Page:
- Associative neural networks (networks of bi-directionally densely connected formal neurons, which might also represent modules of neurons within the brain cortex) are appropriate models for associative processes. They manipulate neuronal patterns (a) that have been preprocessed by hierarchical neural networks and that act as attractors (a) within the dynamic system.

A comparison of the mathematical formalism of associative (or attractor) neural networks, on the one hand, and of quantum theory, on the other, reveals significant similarities in the structures of the basic equations (6). In mathematical terms, the complex-systems-dynamics of the quantum world is very similar to the collective dynamic processes of neurons connected by synapses. Thus, the interactions within neural and quantum networks obey similar general laws. The dissimilarities lie in the differences in the internal structure of neurons and of quantum particles.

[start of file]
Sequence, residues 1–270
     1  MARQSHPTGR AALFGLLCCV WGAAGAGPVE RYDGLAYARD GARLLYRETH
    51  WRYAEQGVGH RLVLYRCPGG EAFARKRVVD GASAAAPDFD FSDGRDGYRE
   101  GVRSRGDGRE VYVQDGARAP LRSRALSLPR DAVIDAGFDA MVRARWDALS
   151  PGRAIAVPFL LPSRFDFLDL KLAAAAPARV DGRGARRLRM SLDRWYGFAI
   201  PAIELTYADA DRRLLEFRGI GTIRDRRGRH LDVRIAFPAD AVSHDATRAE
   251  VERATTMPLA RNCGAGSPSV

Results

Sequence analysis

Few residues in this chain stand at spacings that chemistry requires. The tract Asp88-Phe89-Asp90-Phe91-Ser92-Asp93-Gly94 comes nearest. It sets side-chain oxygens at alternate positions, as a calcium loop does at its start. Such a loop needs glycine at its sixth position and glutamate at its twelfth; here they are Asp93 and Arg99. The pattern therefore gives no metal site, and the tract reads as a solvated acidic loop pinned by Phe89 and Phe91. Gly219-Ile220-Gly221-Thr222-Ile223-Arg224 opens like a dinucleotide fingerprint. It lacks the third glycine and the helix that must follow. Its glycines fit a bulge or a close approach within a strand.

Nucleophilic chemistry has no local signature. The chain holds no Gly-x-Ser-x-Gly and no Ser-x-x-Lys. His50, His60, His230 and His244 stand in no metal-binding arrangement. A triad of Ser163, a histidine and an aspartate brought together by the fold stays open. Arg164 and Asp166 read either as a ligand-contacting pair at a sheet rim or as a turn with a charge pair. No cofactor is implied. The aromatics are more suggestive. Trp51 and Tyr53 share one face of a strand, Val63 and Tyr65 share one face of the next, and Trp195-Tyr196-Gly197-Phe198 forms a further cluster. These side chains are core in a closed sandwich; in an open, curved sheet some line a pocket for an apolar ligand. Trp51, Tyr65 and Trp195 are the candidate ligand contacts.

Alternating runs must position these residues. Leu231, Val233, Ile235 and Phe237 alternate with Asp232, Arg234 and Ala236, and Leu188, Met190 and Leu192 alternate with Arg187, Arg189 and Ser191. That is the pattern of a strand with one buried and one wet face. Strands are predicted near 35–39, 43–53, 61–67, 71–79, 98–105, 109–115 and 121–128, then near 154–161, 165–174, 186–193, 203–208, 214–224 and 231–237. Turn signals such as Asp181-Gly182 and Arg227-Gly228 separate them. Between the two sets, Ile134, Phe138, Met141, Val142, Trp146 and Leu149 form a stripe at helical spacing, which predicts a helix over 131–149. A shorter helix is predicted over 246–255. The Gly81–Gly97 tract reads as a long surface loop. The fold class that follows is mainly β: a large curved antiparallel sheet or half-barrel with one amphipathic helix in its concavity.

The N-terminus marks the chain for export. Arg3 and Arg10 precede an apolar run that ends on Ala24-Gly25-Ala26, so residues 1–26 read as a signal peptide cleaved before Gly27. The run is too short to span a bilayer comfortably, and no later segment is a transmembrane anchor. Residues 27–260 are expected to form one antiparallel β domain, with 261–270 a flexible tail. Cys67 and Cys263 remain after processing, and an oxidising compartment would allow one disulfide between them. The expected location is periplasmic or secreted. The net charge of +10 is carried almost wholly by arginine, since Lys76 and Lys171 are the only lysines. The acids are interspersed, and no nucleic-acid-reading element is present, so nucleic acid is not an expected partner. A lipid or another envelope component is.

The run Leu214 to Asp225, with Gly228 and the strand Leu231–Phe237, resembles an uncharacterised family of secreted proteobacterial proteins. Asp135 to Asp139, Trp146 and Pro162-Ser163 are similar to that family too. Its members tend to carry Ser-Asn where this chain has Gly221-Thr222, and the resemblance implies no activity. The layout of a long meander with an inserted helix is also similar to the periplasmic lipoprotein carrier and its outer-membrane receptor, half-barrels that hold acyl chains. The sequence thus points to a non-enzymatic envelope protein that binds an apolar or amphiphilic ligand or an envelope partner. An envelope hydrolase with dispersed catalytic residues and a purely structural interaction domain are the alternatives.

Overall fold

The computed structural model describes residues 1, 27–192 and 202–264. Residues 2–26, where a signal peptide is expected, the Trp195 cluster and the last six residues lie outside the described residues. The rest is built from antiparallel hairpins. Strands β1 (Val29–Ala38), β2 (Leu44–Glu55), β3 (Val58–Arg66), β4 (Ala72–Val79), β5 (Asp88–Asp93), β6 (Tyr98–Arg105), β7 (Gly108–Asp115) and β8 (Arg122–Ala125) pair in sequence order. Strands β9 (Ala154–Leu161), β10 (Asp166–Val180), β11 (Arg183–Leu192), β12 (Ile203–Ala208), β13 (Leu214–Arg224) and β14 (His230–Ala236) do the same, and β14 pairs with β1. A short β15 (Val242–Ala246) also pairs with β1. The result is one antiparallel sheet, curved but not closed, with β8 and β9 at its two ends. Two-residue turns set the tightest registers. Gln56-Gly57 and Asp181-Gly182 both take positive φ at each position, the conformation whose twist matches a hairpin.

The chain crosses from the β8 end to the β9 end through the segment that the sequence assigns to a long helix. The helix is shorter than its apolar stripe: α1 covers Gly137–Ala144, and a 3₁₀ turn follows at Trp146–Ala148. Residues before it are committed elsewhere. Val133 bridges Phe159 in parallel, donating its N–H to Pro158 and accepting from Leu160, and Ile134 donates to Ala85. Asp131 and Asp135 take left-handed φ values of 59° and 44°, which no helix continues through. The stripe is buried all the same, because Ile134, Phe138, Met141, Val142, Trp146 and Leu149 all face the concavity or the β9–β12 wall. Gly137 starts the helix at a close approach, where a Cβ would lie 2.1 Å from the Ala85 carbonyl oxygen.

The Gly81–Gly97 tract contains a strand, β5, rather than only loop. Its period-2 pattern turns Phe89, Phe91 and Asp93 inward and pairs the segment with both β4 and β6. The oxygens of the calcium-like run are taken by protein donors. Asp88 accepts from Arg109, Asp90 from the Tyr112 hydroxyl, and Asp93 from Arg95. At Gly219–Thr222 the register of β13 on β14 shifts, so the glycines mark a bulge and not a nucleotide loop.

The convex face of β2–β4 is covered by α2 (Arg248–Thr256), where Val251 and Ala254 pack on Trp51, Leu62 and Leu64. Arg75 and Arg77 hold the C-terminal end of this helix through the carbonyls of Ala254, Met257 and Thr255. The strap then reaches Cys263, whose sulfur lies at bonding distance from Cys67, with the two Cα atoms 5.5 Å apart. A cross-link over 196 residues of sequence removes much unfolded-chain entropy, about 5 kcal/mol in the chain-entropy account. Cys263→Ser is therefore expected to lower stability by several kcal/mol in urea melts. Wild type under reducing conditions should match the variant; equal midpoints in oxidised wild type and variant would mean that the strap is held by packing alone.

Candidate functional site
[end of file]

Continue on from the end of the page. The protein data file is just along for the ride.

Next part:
The unity of quantum systems

Quantum systems have a more holistic nature (7) than neural networks; they act as an indivisible whole (for experimental evidence, see (8)). Whereas they retain most of the information processing capabilities of neural networks, they can also merge patterns together. Quantum unity is more profound than the unity of the virtual attractor (a) emerging in all complex systems and is deeper than the coherence of neuronal 40 Hz oscillations (b). It is not only a new category but a melting-together of particles (Bose-Einstein condensation). Could it be related to the unity of conscious experience? (2)

Human beings do not experience network components nor their exchange of signals. They experience the objects which are represented by patterns-qua-attractors (a) within the multilevel networks of the brain as "real" objects that are part and parcel of a conscious unified image. An essential feature of the quantum world is that particles are not only connected but "smelted". Thus, understanding the interplay of quantum particles with an all-embracing whole may help us understand how perceptions are bound together.